Sorry..but you can’t learn the skills of writing a movie script in six days, or six weeks or after a weekend seminar. (Even if the weekend seminar was really, really expensive.)
Writing a movie script takes time and a lot of bad writing before you start producing some writing actually worth reading.
But the good news is that it’s very possible to cut down the amount of time needed to learn how to write movie scripts that human beings actually want to pay money for. And by following the steps outlined here my hope is to drastically reduce your learning curve and get you producing professional and focused writing that gets you the career of your dreams.
How to Write a Movie Tip No.1: Know Your Audience
It’s always a good idea to write what you know. If you’re addicted to crime novels and can’t tell a joke to save your life, it might be a good idea to turn your comedy screenplay into a thriller.
Ask yourself, who are you catering to? What genre are you writing, and do you know anything about the people who watch these films?
It’s a good idea to begin by reading screenplays of successful films in the genre, and identify any common threads. Work them into your own script, but be careful not to compromise your originality.
A pitfall that many writers (and producers) fall into is expecting their audiences to be “dumb”. Regardless of what you think of the general population, and God knows I have my days where I don’t think very much of them at all, everybody has been exposed to movies from a young age–we are smart audience members who can connect the dots and do not need every detail pointed out to us.
The more you leave your audience to figure out, the more engaged they’ll be in watching your film.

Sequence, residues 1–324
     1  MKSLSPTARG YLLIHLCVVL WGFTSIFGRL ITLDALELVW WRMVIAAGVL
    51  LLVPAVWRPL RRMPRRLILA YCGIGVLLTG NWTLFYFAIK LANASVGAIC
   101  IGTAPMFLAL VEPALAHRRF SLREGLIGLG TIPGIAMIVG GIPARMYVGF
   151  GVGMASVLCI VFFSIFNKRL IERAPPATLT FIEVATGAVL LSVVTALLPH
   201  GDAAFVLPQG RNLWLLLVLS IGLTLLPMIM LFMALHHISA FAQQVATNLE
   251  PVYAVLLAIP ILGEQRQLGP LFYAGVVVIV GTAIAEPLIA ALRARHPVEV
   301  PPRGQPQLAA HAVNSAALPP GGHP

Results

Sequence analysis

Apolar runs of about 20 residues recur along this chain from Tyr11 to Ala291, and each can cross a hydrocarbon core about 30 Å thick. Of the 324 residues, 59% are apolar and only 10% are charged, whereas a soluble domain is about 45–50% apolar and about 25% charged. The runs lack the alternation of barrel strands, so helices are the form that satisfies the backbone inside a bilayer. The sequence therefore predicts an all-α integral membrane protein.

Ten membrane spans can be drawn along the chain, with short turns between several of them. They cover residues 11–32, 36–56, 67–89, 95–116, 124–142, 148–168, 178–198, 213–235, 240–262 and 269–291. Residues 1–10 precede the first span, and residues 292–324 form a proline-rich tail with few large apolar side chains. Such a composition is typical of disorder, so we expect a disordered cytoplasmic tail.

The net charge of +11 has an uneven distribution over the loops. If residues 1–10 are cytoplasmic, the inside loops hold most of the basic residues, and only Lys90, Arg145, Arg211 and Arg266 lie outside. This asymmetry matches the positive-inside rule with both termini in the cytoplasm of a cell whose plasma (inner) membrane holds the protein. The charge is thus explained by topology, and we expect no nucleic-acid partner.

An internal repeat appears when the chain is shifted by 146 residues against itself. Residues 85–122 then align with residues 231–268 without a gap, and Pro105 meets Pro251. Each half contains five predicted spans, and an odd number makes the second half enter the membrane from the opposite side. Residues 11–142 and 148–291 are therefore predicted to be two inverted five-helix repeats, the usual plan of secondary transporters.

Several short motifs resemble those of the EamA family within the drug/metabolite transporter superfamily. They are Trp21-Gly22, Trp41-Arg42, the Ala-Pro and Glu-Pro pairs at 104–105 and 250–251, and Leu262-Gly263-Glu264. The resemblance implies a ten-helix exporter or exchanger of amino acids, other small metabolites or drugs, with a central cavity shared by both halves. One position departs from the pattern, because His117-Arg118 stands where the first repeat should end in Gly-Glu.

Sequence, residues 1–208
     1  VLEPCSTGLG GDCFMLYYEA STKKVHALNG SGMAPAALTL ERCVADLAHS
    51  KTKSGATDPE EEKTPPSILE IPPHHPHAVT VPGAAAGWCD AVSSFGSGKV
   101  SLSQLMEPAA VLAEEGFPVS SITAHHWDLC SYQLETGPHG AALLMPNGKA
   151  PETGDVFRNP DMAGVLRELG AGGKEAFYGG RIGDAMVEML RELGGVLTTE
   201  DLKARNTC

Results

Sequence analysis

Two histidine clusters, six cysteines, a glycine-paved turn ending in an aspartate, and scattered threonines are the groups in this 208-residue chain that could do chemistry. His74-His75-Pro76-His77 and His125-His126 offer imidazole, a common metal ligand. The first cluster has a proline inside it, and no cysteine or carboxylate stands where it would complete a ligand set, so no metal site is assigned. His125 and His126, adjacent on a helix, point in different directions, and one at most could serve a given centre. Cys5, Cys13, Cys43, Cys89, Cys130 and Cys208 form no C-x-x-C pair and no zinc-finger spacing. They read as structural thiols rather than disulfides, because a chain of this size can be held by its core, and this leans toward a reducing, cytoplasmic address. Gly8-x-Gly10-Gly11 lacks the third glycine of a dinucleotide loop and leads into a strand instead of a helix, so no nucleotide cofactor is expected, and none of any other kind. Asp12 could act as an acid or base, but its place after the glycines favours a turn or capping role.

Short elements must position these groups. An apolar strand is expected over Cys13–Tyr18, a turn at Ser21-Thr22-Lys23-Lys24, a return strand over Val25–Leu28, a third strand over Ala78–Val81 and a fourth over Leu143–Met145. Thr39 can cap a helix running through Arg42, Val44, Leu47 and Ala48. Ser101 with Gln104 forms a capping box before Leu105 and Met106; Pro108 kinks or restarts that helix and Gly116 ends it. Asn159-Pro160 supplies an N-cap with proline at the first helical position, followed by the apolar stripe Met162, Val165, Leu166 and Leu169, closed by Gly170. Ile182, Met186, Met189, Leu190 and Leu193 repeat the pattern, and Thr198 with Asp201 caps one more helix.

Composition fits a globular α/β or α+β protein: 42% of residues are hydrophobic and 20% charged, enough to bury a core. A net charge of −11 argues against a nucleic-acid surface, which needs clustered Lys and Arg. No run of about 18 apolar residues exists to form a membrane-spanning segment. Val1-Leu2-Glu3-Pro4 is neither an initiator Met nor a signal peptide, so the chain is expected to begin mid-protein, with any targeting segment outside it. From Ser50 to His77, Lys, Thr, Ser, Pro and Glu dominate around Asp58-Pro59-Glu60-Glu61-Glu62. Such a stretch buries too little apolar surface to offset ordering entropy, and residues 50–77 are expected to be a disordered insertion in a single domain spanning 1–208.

How to Write a Movie Tip No.2: Be Original & Take Risks
Are you reworking the same, tired story? The most successful films have been created by writers who wanted to do something different. Go out on a limb and tell your story with originality and pizzazz and..most notably…a sense of you.
Don’t worry about reading all of the screenwriting “guides”–consult them for ideas if you get stuck, but don’t let them bog down the flow of your ideas.
Learn to hear your own imagination. It might be overwhelmed by all of the images and sounds that have been thrown at you by your culture, but the more creative you strive to be, the more it will shine through in your work. (And the more people, especially managers and agents, will recognize it as an original voice.)
How to Write a Movie Tip No.3: Have Something To Say
What is the message you’re trying to get across? Every film, even the really crappy ones that make a gazillion dollars, are about something.
Nobody in this business sets out to make pointless, shallow crap. (Unless you’re Michael Bay.)
It takes too long to actually make a movie, so people need to feel really invested in it.And what attracts all the talent is what you, the screenwriter, are trying to say. (And this is usually something the screenwriter really passionate and/or totally pissed about.)
This isn’t the same as having a moral – a successful film shows the audience a different point of view, but that perspective doesn’t have to be particularly “good” or moral, it just has to be authentic.
If you’re lukewarm about a story idea, then skip it. There are much better movie ideas out there that you’ll enjoy more, and have way more success with.
This doesn’t mean you have to be realistic. Star Wars may be sci-fi opera, but it’s also the story of how a young man stuck in a shitty town (Modesto /Tatooine) deals with his distant daddy issues.
Try to connect your story’s message to something internal to you and you’ll be on the way to creating a really strong script and outpacing the competition who is still obsessing about screenplay format when writing a movie script. (And really strong scripts are something we all want to see.)